Another embodiment of the interface system of the present invention includes an output mechanism configured to include a medicament portion having an inner wall of the housing mechanism with at least one pore structured to administer medicament to underlying tissue disposed in close proximity to the at least one pore. A shutter mechanism with at least one opening corresponding to the at least one pore has open and closed configurations for controlling the administering of the medicament. Based on the disclosure herein, one skilled in the art will appreciate that tubes or microtubes or nanotubes may also be used for delivery of medicament.
Another embodiment of the cerebral interface system of the present invention includes one or more recording and/or stimulating contacts mounted on and extending outwardly from the inner wall of the housing mechanism wherein one or more of the contacts may be a penetrating-type contact, a surface-type contact, and/or a combination penetrating-type/surface-type contact.
One skilled in the art will appreciate that, subject to appropriate shape and size modifications, the housing mechanism and devices contained therein may be spaced within cavities within other non-skull bones of the body as well, e.g., in the vertebral bones to thereby provide an interface between housed devices and the spinal cord or in ribs to provide an interface between the housing mechanism and neighboring organs.
In general, the present invention involves the transformation of a virtual space of the skull or other bones into a real space for the safe and ergonomic placement of a system for interfacing devices to the brain or other organs of a subject and to other devices. The present invention includes, without limitation, improvements in the fields of medicine, neurology, neurosurgery, bioengineering, and biocybernetics, which enable real-time analysis and/or control of biologic signals, such as those related to an EEG signal and/or an ECoG signal of a subject. Such signals can be rapidly, accurately, and automatically monitored, analyzed, transmitted, or stored by the present invention in order to, for example:
(a) monitor, predict, or detect and indicate the occurrence of a normal brain activity, such as drowsiness, and/or an abnormal brain activity, such as an epileptic seizure, in real time or essentially contemporaneously with the arrival of an EEG or ECoG signal at a signal processor;
(b) predict behavioral changes associated with such abnormal activity;
(c) download or telemeter the detection or prediction outputs to devices for warning, logging, and/or storage of data; and/or
(d) apply responsive measures to prevent or control such normal and/or abnormal activity in the brain or body of a subject.
The interface system, disclosed herein, provides for the safe, ergonomic, cost-effective and energy efficient implantation of devices for automated sensing, monitoring and control of changes in brain and/or body states, considerably improving the state of the art.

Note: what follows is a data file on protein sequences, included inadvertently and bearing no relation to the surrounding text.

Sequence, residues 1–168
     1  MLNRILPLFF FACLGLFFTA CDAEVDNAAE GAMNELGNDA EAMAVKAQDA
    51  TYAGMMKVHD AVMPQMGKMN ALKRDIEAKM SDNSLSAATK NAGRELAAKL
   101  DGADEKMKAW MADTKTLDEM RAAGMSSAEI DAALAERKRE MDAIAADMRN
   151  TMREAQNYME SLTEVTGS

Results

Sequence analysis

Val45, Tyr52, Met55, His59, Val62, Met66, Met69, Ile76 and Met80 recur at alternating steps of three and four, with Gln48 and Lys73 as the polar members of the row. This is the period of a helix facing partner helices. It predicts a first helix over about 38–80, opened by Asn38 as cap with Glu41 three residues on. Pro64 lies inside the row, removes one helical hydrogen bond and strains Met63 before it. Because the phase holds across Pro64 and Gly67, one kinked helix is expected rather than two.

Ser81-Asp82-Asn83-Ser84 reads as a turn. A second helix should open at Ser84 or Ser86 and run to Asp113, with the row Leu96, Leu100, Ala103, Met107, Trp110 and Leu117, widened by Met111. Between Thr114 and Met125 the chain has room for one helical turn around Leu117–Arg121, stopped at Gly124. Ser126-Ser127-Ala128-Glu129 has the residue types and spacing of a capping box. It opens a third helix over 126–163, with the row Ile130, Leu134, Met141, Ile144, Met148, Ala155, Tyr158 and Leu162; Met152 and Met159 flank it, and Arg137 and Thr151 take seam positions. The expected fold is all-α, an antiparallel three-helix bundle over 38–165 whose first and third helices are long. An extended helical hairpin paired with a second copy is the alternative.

The principal objects and advantages of the present invention include: providing an interface system that provides convenient access to the brain and/or organ(s) of a subject via a device mountable in a cavity formed in the subject's skull or in other bones or walls; providing such an interface system that includes a housing mechanism, preferably constructed of titanium; providing such an interface system having at least one auxiliary portion of a housing mechanism extending tangentially outwardly from such a cavity, thereby increasing usable space and decreasing risk of brain injury from an impact therewith; providing such an interface system that includes a sealing mechanism for providing a fluid-tight seal between a housing mechanism thereof and the subject's skull; providing such an interface system that may include a control mechanism therein; providing such an interface system that includes a communication mechanism for connecting at least one device inside the housing mechanism to the brain or other organ; providing such an interface system that includes a power source; providing such an interface system with means for lowering and/or raising an inner wall or portions thereof relative to the inner table or the surface of the brain of a subject; providing such an interface system that includes links (wireless or otherwise) for communication between devices in the same or different housing mechanisms or external to the subject; providing such an interface system that includes a control mechanism for activating an output mechanism; providing such an interface system that includes removable fastening means for securement to a subject's skull; providing such an interface system that includes sterile and/or non-sterile compartments which are externally accessible; providing such an interface system that includes means for multi-modular and/or multi-functional capabilities; providing such an interface system wherein devices with different functions and environmental requirements may be housed; providing such an interface system and mechanism that allows replacement of modules therein; providing such an interface system that includes means for allowing adjustments thereof relative to the brain, skull, or scalp of a subject; providing such an interface system that includes a reservoir for controllably administering drugs or other substances; providing such an interface system having means that serve to guide stereotactic placement/replacement of probes and localization of surgical targets; providing such an interface system having means that allow repeated sampling, imaging, or analysis of brain tissue, gases, and/or fluids; providing such an interface system having means that allow recharging of batteries thereof by using solar power; providing such an interface system that can operatively heat or cool tissue in abutting engagement therewith; providing such an interface system that includes means for administering medicament to tissue spaced in close proximity thereto; providing such an interface system that includes a separate auxiliary compartment with a removable lid either secured to or spaced apart from a housing mechanism thereof; providing such an interface system that includes penetrating-type and/or surface-type contacts extending outwardly from a housing mechanism thereof; providing such an interface system that includes a supporting mechanism for precisely displacing a housing mechanism thereof angularly and/or along x-, y-, and z-axes; and generally providing such an interface system that is effective in operation, reliable in performance, capable of long operating life, and particularly well adapted for the proposed usages thereof.